A confession

I sometimes feel that I might seem a little irrational in my exuberance for the connected digital world. That may very well be so, but I think I have some pretty good reasons why. So in the grand old tradition of confessional blogging, I’m going to try and explain why my experience has lead me to my perspective.

I grew up in the small city of Hazleton, Pennsylvania. Hazleton is a small, dying coal city that is close to no large urban center and very isolated even from neighboring communities. Growing up, I was shy, quiet and very much an outsider. I came to be interested in things- music, art and the like that it took a *lot* of work just to maintain an awareness of in Hazleton. There were very few people who shared my interests, so I always felt like an outsider in my community.

In 1994 I moved to Pittsburgh to attend Pitt. All of my friends had gone to other schools (mostly Penn State Hazleton) but I had decided to head for a larger city. Most people feel Pittsburgh is small beans, but this city to me is everything I wanted in a big city with a lot of the smaller town feelings that I *did* like about Hazleton. When we got to school, the Web was in its infancy. But we had access to email, and almost immediately, I found a way to stay in touch with all of my friends. Phone calls and snail mail were basically out of the question, but we were still able to maintain close contact- something I truly believe was much more difficult only a few years before. To this day, my friends and I stay in touch over a distribution list- and while that list has grown with friends we’ve picked up a long the way, we are still as tight as ever. We see each other only a few times a year now, but the closeness is there.

So there’s that. But here’s the big one: In 1997 I was diagnosed with Non-Hodgkin’s B-Cell Lymphoma aka lymphatic cancer. I had to leave school and for the next year I was essentially stuck in my house as my immune system was destroyed and I lost all of my mobility (as well as my hair) due to a year long chemotherapy treatment. At that point, though I could leave the house, it was a huge health risk- and there were times where I nearly died due to infection. I was sick and tired, I could hardly clime my stairs, but what I could do was sit at my computer and talk to my friends. I could find out about the world of music that was going on, even though I might not get to see my favorite bands. Before 1994, finding rare music was extremely hard- you relied on magazines or a college friend to clue you in; but now, finding out about new music was as easy as browsing to a web site, or subscribing to distribution lists devoted to whatever you can imagine. Instant messaging appeared around that time, with the program ICQ, and suddenly I could talk to my friends in real time. I had all of my friends in my Dad’s office, waiting for me, whenever I was well enough to get out of bed.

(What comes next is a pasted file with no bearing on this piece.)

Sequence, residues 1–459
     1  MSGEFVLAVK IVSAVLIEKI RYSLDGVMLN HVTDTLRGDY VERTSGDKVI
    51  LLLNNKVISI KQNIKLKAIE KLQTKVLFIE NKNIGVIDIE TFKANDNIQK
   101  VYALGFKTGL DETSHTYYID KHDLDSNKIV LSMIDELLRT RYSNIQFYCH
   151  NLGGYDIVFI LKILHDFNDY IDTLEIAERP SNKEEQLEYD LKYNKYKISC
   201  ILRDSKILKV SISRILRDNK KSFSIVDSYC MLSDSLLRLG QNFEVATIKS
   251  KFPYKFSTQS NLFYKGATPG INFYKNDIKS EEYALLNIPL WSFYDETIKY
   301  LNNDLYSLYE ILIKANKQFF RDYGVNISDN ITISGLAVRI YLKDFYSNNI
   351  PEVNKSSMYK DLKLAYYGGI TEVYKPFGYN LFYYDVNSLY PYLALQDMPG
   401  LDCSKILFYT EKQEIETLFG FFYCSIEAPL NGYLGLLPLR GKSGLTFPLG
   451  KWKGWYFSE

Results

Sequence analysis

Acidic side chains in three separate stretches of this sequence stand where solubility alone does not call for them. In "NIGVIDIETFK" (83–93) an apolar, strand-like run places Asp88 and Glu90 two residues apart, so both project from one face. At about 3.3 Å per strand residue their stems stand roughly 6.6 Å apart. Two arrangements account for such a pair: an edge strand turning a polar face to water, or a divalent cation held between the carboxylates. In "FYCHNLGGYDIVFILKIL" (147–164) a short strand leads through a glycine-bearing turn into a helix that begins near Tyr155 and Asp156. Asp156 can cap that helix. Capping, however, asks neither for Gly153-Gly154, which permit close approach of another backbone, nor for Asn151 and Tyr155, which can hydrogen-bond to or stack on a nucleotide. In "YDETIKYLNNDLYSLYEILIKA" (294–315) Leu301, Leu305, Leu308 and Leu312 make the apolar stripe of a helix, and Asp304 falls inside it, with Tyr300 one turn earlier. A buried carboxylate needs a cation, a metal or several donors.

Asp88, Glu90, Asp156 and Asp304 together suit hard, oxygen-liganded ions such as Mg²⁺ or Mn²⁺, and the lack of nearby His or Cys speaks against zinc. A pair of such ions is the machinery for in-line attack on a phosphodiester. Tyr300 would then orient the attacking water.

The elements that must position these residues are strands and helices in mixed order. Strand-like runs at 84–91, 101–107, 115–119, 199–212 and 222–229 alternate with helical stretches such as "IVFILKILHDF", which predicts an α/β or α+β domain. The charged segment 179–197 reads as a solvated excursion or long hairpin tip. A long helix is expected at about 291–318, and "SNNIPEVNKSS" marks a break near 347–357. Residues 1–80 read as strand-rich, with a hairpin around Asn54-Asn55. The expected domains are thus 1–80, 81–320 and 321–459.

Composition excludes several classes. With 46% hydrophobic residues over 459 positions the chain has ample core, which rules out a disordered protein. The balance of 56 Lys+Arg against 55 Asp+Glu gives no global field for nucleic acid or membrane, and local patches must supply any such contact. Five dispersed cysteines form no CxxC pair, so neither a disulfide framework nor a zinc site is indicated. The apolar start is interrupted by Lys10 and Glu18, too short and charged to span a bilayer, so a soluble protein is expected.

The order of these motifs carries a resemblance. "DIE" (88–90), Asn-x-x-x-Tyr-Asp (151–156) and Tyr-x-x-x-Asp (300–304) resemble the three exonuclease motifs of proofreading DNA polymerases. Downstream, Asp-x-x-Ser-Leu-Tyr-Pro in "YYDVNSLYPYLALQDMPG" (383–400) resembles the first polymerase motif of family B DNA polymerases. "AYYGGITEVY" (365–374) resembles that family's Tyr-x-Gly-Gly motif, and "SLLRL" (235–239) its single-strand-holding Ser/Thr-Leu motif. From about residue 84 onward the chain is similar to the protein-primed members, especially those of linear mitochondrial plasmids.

So when I go out of my way to defend human relations in the digital realm, it is because my life would be vastly different without the internet. I know I would not be as fortunate as I am. Like we said in class yesterday, fundamentally these things aren’t changing our fundamental humanity- the way we communicate and interact and think and feel, but the method in which we engage in those things has changed. In my case, it was for the better.

Oh yeah, I should add that I don’t doubt for a minute that my idealism is in some way inherited from the utopian fantasy of Star Trek: The Next Generation. Sad, but true 🙂

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